Tuesday, 6 January 2015

Ghosts of Heaven by Marcus Sedgwick - review by Dawn Finch

The spiral has existed as long as time has existed.
It's there when a girl walks through the forest, the moist green air clinging to her skin. There centuries later in a pleasant greendale, hiding the treacherous waters of Golden Beck that take Anna, who they call a witch. There on the other side of the world as a mad poet watches the waves and knows the horrors the hide, and far into the future as Keir Bowman realises his destiny.
Each takes their next step in life. None will ever go back to the same place. And so, their journeys begin...

I should declare a bias before you read the rest of this review - I'm a massive fan of Sedgwick's work and have read all of his books and so I was looking forward to reading Ghosts very much. I was aware that it was a different format to his other books and I was looking forward to something new. I was not disappointed.

Ghosts of Heaven is split into four parts; four different stories interconnected by various key elements and a theme inspired by the occurrence of the spiral form. The remarkable thing about these stories is that we are encouraged by the author to read them in any order we like. I read them in the order 4, 1, 3, 2 - and was thrilled to find that the seeds of other stories are sewn in each chapter. It really is extraordinarily accomplished to make all of these stories connect in such a subtle and fluid fashion. I've certainly never read anything like it.

But it's not just clever, it's beautiful too. Each section has its own tone and voice, and is written with Sedgwick's usual deft hand. To be honest I could have read a novel based on each and every story and been wholly satisfied. Each chapter represents a very fine piece of writing alone, and the fact that they curve and spiral around each other is utterly fascinating.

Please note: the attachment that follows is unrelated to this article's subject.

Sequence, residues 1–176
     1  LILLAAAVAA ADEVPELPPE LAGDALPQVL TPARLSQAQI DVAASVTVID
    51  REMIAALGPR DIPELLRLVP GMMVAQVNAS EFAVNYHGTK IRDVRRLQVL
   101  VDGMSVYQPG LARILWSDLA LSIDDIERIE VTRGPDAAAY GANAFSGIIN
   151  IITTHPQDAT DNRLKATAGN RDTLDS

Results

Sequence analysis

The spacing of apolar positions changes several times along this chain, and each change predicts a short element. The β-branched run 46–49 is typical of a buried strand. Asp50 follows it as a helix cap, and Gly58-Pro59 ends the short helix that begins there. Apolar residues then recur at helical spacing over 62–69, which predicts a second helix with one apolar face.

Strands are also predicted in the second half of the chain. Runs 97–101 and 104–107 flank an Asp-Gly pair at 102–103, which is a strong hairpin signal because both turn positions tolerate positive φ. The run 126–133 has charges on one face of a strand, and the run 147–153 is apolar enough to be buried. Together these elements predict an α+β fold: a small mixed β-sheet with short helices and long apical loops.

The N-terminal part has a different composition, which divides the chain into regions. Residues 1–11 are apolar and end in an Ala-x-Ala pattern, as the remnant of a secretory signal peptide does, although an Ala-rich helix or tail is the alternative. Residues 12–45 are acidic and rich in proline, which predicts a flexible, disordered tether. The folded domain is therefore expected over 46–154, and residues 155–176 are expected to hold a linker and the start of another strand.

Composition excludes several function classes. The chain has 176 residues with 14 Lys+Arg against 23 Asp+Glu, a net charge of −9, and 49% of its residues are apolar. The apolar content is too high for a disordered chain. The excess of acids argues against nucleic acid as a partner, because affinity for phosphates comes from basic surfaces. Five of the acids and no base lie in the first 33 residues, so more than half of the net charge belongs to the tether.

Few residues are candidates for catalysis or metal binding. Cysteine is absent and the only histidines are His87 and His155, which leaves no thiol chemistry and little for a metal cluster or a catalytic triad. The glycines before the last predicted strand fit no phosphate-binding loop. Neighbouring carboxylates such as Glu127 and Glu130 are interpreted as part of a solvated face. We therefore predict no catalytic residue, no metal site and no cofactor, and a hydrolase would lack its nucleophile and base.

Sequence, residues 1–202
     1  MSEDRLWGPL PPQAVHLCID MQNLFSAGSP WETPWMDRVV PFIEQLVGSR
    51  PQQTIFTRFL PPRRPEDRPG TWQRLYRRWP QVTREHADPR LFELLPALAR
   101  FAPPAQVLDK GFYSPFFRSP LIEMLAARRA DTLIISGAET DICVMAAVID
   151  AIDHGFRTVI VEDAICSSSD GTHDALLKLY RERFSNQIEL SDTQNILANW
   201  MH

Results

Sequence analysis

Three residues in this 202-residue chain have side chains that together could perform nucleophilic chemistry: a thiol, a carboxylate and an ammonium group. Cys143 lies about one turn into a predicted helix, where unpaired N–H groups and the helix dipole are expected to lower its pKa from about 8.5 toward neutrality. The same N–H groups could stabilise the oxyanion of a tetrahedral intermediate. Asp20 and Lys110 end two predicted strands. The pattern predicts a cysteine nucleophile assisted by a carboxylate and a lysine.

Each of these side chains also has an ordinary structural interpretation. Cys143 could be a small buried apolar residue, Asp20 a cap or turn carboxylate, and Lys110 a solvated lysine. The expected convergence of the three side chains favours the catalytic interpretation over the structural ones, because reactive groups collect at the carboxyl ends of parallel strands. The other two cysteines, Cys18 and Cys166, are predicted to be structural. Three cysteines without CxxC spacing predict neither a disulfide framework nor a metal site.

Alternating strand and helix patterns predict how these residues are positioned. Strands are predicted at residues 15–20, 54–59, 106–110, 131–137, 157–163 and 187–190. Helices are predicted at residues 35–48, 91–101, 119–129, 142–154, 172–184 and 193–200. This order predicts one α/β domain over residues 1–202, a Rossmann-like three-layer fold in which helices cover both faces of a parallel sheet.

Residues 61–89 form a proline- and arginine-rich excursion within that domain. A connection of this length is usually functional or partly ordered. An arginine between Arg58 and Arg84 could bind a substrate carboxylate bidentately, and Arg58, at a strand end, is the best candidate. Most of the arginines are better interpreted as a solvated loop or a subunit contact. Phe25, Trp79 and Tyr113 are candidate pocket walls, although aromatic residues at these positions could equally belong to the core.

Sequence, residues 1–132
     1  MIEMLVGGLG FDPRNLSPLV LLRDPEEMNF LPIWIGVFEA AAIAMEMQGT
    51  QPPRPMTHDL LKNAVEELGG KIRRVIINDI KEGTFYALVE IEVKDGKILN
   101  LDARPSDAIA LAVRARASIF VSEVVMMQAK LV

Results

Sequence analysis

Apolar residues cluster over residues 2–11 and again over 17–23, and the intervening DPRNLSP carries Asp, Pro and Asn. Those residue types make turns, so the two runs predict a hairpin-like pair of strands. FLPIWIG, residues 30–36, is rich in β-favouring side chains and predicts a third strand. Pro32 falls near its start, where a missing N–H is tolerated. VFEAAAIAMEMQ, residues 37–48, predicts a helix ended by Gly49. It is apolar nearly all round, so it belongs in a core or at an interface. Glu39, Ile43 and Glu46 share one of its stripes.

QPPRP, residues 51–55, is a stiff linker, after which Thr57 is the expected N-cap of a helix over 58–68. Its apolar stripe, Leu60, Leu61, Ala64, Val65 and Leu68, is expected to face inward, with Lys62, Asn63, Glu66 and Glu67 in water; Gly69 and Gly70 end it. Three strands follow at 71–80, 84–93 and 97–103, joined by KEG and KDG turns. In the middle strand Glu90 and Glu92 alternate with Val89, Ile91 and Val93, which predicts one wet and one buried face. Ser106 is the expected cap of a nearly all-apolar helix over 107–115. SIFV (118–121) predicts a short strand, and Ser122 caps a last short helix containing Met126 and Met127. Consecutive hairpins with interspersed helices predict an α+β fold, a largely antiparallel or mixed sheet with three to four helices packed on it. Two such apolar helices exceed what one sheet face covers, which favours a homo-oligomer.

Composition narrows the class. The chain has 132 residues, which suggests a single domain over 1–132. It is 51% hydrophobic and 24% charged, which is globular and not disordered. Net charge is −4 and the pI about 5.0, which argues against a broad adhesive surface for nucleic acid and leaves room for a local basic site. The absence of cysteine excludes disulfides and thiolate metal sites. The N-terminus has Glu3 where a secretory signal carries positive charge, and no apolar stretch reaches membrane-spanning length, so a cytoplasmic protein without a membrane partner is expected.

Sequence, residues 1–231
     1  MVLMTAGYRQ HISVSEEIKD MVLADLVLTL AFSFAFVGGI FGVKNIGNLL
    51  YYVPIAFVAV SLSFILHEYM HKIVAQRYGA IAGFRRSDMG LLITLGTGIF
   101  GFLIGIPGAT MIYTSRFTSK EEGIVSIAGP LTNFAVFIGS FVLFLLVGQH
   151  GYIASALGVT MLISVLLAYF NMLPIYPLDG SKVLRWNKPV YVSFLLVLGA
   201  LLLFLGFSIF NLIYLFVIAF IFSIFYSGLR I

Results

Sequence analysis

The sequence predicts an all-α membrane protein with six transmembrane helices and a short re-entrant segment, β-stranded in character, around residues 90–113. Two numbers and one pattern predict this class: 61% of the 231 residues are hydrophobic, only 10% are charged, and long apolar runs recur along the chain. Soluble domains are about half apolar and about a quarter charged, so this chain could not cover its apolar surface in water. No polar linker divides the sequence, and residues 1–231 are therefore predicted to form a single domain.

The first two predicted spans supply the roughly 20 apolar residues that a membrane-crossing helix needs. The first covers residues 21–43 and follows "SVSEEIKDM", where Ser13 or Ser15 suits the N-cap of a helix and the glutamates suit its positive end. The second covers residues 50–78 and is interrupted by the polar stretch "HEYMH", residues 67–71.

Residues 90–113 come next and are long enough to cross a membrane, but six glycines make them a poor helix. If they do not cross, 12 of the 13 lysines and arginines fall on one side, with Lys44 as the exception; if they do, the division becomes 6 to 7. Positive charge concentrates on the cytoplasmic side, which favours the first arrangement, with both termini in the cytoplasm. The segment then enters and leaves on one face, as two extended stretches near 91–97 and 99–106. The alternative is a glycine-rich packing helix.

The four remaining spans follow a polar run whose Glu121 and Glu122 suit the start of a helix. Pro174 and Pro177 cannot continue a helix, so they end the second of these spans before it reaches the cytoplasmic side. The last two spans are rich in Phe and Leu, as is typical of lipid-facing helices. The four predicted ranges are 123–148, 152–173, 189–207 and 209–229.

However, it did raise an issue with me that I have often been baffled with. This book is listed as a YA title and yet almost all of the central characters are adults facing adult situations. The two younger characters are based in a time period when there are no "young adults" and so they behave as adults to adult situations. I am often puzzled as to why a book is marketed as YA when it is clearly an adult book. Don't get me wrong - I do think that young adults will love this book, but the type of young adult who will enjoy it will also be the type of reader who is already reading adult books. I feel that by listing it as YA there will be a lot of adults who will remain completely unaware of the existence of this book, and they will miss out. I strongly feel that Sedgwick deserves a much wider audience, and this is perfect example of a wonderful book that might not get into mainstream adult reviews and magazines simply because it's marketed as YA. I genuinely don't understand adults who lock themselves into a place where they don't read YA books. That is a great shame because in this case people are missing out on a remarkable reading experience.

Ghosts of Heaven by Marcus Sedgwick is published by Orion - isbn 9781780621982 - £10.99
On Sedgwick's website you can view the atmospheric trailer.

As of December 2014, Ghosts of Heaven has been  shortlisted for the Costa Book Awards as well as the Bookseller YA Fiction Prize
It has also been listed as a Peters Book of the Year and a Lovereading Book of the Year 2014

review written by Dawn Finch - author of Brotherhood of Shades



Sue Purkiss said...

My guess is that most adults don't purposely 'lock themselves into a place where they don't read YA books'; they just go to the front of the shop where the adult fiction is, and they don't even think of looking at the YA shelves. We know, because we're in that world - but how would most people?

Jonathan Emmett said...

I've just read this as it was shortlisted for the children's book category of the Costa Book Awards. I enjoyed it, but I'd have to say its shortlisting as a "children's book" feels even more inappropriate than the YA label and may put off older readers that might enjoy it.

I think it's a far, far better book than "Five Children on the Western Front", which won the Costa children's category and I can't help wondering if it lost out because "Five Children" was more obviously a children's book and therefore deemed a more appropriate category winner.

If you liked this, I'd strongly recommend David Mitchell's "Cloud Atlas" and "Ghost Written" which have a similar structure, made up of interconnected stories.

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